Updated: September 30, 2021
Growing a business requires proper financing. If your start-up has considerable growth potential but needs financial assistance to move forward, it may be time to look into venture capital (VC) funding.
Venture capital firms invest in start-ups and other early-stage companies with high growth potential in exchange for equity in the business. VC funds, which pool investments from institutional and private investors, are controlled by a small group of individuals who seek opportunities with significant payoff potential.
Securing VC funding is an arduous, time-consuming task that can take company founders time away from other important matters. Therefore, it is best not to seek out VC funding until you are in a position to be successful. Most VC firms will want to see that you have a strong management team in place, a viable product or service and a strong or growing customer base before investing in your company. Some VC firms specialize in later-stage funding, helping established companies take their business to the next level.
Assemble a solid pitch deck (a presentation that provides an overview of your business model, market opportunity, management team, financials and the amount of funding you need) and seek VC firms whose interests align with your company. VC firms typically focus on specific industry sectors (like tech, medicine, etc.), company stages and/or geographic regions.
When VC firms are serious about investing, they will present you with a term sheet. Though not binding, this will provide a blueprint of what to expect from your relationship with the firm. The term sheet will lay out the details of the firm’s financial investment and what the investors will seek in return from your company. The corporate governance section will outline how operational power will be distributed among the founders and investors. The term sheet will also address how the investors’ interests will be impacted if the company is liquidated, dissolved or sold.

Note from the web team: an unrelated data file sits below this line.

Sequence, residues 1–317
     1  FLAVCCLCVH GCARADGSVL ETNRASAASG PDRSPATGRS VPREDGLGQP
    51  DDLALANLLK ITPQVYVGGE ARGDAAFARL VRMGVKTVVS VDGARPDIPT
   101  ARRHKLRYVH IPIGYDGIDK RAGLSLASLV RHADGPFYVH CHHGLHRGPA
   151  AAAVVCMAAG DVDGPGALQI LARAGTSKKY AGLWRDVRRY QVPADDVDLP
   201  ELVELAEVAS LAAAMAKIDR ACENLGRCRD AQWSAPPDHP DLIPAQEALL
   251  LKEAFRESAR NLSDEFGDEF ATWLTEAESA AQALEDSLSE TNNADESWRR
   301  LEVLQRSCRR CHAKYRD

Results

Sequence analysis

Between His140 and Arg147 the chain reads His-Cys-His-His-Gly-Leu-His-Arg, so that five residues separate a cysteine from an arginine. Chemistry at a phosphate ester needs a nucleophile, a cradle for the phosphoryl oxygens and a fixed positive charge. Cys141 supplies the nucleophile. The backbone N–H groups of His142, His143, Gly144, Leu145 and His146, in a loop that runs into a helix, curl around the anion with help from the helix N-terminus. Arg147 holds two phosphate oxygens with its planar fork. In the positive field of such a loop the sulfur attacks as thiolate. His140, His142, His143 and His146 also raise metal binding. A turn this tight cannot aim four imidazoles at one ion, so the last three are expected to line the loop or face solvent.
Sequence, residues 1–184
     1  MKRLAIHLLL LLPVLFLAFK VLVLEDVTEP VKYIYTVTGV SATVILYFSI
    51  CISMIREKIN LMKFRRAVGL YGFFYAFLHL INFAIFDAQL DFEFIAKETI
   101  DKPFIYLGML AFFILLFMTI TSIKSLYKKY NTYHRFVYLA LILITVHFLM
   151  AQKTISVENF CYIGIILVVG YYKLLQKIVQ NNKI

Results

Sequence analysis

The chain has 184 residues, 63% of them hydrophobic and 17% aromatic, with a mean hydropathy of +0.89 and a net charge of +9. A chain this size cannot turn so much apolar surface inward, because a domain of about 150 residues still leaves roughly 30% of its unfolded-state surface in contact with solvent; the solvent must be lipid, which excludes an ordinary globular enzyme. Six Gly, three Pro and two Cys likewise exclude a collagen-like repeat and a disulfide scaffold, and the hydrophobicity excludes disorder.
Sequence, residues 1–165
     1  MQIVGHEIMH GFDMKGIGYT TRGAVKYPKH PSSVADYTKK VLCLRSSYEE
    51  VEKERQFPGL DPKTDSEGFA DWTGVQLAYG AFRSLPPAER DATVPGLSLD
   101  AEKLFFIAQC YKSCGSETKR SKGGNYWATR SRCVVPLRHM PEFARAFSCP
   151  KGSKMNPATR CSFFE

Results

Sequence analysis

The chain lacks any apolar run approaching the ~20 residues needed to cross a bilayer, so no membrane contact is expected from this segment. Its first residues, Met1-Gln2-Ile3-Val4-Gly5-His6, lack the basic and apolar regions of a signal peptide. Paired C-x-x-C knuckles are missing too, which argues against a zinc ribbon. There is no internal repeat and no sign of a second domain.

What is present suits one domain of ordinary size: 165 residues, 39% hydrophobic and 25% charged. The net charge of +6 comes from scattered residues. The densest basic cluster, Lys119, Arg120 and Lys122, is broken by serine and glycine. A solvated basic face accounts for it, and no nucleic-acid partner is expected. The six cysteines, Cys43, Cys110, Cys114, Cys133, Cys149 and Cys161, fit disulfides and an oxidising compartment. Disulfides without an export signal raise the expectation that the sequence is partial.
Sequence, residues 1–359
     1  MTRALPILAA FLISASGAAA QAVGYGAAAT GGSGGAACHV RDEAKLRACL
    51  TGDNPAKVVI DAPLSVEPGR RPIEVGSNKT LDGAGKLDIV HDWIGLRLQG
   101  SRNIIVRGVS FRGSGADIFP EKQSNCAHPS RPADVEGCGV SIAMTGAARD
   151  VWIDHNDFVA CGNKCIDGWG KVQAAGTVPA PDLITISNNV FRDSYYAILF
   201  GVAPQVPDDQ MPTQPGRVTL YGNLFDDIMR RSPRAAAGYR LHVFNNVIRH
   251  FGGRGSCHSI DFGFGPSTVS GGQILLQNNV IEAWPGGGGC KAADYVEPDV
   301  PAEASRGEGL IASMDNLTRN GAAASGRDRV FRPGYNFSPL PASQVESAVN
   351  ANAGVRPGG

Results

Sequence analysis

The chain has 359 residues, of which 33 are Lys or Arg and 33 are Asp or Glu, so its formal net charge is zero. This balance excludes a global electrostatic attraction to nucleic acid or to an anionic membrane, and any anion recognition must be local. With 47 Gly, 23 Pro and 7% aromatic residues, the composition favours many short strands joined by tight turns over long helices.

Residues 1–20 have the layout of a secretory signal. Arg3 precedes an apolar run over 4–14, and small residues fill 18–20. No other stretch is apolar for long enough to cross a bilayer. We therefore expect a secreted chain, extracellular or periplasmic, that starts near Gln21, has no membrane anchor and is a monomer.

The VC firm’s investment will be predicated on your company’s valuation. The valuation is an estimate of the company’s current worth and is based on many factors, including intangibles. Ultimately, the valuation will be negotiable and agreed upon by both parties. From an entrepreneur’s perspective, the higher the valuation the better.
The type of VC investment varies based on the stage of your business, and VC firms may specialize in one or more types of funding.
The experience and past success of the management team is a crucial factor not only in attracting VC funding but in the calculation of your business’ valuation. The leadership team should include individuals with impressive resumes, start-up experience and diverse skill sets that have a shared strategic vision for the future success of the business.
VC firms will do due diligence to further evaluate the potential risks and rewards associated with investing in your business. The due diligence time frame can range from a week to several months, in which the VC firm will take a deep dive to evaluate your team, market, product, traction, financials and legal issues, among other factors. VC firms may consider such questions as whether the founder is a good fit for the market or whether the product is differentiated enough from the competition. Prepare in advance for due diligence by assembling the documents that VC firms typically request, including financial statements, financial projections, revenue breakdowns, organization charts, active contracts, intellectual property registrations, business plan, market and competitive analyses, and a breakdown of how you plan to use the funds, among other documents.
VC deals are complex, and consulting with an experienced VC attorney is crucial to protecting your interests. Contact the experienced corporate law attorneys at Romano Law today.